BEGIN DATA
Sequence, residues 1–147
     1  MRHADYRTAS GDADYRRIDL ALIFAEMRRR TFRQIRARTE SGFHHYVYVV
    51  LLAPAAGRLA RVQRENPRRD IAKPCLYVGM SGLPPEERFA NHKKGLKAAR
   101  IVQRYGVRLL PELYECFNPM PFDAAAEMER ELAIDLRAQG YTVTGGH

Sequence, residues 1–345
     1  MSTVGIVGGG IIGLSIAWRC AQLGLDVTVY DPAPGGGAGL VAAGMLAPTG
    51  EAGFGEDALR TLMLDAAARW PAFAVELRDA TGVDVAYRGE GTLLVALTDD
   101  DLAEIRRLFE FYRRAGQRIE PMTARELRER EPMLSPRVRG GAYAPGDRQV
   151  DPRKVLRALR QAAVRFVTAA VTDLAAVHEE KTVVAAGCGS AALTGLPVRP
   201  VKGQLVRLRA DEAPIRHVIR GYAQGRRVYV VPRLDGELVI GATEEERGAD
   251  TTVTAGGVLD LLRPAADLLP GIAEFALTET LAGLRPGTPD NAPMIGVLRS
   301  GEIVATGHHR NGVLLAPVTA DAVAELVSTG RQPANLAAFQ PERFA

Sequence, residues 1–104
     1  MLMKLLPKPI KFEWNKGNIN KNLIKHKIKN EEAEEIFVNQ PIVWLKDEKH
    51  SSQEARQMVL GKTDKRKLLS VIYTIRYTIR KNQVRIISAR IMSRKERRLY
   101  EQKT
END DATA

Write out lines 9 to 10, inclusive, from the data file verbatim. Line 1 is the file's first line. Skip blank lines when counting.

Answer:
   151  DPRKVLRALR QAAVRFVTAA VTDLAAVHEE KTVVAAGCGS AALTGLPVRP
   201  VKGQLVRLRA DEAPIRHVIR GYAQGRRVYV VPRLDGELVI GATEEERGAD